Metabolic syndrome is a growing problem, not only in the U.S., but worldwide. Some of the components of metabolic syndrome include increased abdominal fat, high blood pressure, high triglycerides associated with low HDL (“good cholesterol”), and impaired glucose tolerance. Some of you may be familiar with the term “insulin resistance” in the context of metabolic syndrome.
As metabolic syndrome may be a precursor to the development of diabetes there is considerable on-going research on this topic. A study performed at the University of Oklahoma and Oklahoma State University examined the effect of blueberry intake on obese men and women with metabolic syndrome. In particular, cardiovascular risk factors were examined.
Forty-eight participants were randomized to either a blueberry group or control group. Those in the blueberry group consumed a freeze-dried blueberry beverage twice a day, while the control group drank an equivalent amount of water.
Over the eight week course of the study the blood pressure in the blueberry group dropped 6% (systolic) and 4% (diastolic). Biomarkers of oxidative stress were also decreased in the blueberry group. Oxidized LDL dropped 28%, while combined serum malondialdehyde and hydroxynonenal concentrations dropped 17%. Both the decreases in blood pressure and oxidative stress biomarkers were substantially larger in the blueberry group than the control (water) group.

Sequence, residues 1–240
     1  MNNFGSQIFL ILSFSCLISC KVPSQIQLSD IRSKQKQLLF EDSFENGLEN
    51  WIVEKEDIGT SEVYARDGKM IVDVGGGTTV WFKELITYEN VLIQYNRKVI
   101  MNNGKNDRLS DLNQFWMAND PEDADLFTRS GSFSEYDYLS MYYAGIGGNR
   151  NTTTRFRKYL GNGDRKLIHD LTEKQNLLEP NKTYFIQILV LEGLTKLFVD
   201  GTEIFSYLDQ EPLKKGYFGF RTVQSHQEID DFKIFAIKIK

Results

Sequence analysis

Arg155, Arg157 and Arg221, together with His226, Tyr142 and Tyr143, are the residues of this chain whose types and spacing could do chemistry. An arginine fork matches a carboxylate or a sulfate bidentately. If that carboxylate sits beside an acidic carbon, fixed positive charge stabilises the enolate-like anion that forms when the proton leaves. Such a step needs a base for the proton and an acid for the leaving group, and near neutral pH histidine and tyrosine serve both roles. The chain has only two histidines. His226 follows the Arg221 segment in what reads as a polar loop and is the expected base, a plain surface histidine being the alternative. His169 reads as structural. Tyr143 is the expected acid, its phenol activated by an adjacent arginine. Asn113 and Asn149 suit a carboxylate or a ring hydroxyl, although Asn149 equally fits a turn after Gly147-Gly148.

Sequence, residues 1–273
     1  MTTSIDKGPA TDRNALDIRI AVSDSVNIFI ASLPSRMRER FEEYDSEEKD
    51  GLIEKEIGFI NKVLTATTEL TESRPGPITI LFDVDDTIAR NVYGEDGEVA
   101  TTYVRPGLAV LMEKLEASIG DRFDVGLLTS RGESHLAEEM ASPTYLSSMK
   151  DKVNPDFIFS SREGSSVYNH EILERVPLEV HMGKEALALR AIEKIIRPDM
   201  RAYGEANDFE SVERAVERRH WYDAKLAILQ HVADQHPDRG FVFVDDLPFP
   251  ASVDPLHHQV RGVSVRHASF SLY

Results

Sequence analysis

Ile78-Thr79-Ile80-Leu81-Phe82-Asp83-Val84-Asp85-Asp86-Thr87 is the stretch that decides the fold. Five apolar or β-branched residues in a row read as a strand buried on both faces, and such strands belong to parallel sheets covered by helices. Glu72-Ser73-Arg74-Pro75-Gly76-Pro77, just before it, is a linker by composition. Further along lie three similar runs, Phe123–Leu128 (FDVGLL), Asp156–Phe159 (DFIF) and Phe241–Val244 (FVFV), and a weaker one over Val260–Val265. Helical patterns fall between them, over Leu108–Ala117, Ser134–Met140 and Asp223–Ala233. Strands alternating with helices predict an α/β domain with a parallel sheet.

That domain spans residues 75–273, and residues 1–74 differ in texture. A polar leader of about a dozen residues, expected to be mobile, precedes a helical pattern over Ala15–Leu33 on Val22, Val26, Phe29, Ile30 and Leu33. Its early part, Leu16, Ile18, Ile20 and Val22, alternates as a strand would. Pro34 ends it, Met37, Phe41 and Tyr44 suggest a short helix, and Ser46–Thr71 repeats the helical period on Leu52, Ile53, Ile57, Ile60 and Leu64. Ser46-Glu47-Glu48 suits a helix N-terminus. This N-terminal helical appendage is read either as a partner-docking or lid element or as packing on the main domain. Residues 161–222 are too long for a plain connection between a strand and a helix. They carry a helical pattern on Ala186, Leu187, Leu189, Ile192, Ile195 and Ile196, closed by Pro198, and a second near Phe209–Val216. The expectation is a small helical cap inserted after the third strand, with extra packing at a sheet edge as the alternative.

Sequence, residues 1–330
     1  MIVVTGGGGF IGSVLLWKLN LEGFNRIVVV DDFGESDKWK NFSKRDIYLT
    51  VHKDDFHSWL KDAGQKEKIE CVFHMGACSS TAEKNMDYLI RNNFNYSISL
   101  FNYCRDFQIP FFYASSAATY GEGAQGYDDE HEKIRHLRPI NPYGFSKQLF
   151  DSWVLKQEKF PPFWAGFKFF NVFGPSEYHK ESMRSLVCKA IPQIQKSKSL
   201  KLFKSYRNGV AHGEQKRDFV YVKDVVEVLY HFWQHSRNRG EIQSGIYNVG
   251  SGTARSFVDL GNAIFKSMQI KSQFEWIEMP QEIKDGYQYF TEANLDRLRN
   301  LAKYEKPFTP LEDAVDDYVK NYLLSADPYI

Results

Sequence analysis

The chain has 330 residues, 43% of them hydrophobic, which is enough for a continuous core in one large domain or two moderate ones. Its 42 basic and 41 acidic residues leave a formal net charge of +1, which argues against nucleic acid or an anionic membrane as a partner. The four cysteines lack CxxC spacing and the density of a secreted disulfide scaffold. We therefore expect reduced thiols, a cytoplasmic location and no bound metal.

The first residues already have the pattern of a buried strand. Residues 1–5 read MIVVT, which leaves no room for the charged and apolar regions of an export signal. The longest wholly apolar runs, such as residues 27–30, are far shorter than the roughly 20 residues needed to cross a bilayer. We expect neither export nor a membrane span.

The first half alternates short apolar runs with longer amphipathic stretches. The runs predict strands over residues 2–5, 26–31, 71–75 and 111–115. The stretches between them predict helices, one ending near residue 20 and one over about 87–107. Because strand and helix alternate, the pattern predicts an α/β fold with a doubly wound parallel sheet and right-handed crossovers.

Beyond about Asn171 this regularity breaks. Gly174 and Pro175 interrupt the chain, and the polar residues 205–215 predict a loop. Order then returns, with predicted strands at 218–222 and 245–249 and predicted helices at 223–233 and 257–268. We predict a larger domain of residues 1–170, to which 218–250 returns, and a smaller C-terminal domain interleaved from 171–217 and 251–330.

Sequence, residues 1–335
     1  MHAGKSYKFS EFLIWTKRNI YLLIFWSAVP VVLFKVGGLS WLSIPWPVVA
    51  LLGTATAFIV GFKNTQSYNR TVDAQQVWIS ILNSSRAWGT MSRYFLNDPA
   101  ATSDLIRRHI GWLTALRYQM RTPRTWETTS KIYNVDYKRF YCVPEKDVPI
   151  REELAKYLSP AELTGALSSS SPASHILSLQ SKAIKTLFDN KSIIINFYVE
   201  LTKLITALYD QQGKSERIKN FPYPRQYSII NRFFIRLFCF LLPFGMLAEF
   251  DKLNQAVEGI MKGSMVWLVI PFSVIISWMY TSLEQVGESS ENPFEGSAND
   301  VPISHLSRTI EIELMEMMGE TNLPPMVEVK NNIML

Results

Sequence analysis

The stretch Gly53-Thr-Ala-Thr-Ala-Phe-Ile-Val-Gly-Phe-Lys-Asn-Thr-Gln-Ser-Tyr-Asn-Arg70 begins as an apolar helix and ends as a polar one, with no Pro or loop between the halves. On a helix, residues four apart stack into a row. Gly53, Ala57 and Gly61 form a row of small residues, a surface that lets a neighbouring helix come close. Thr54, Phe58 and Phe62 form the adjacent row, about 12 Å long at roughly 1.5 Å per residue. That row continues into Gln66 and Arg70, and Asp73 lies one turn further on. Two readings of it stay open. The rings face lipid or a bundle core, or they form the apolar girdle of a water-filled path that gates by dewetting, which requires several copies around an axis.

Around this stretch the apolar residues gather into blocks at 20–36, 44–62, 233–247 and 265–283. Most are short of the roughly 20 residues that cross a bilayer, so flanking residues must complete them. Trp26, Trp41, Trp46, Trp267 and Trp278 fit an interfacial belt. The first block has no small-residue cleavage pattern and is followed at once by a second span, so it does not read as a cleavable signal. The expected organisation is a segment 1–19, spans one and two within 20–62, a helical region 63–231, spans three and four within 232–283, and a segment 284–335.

Interestingly this study shows a similar drop in blood pressure to the blueberry study we previously reviewed. This is simply more evidence of the beneficial effects of blueberries on cardiovascular health, in a particularly high-risk population.
This blog is a review of medical and scientific literature, and should only be used for informational purposes. It does not constitute medical or health advice, nor does it create a physician-patient relationship with anyone. Discuss any health concerns with your personal physician.
(Source- The Journal of Nutrition, July 21, 2010)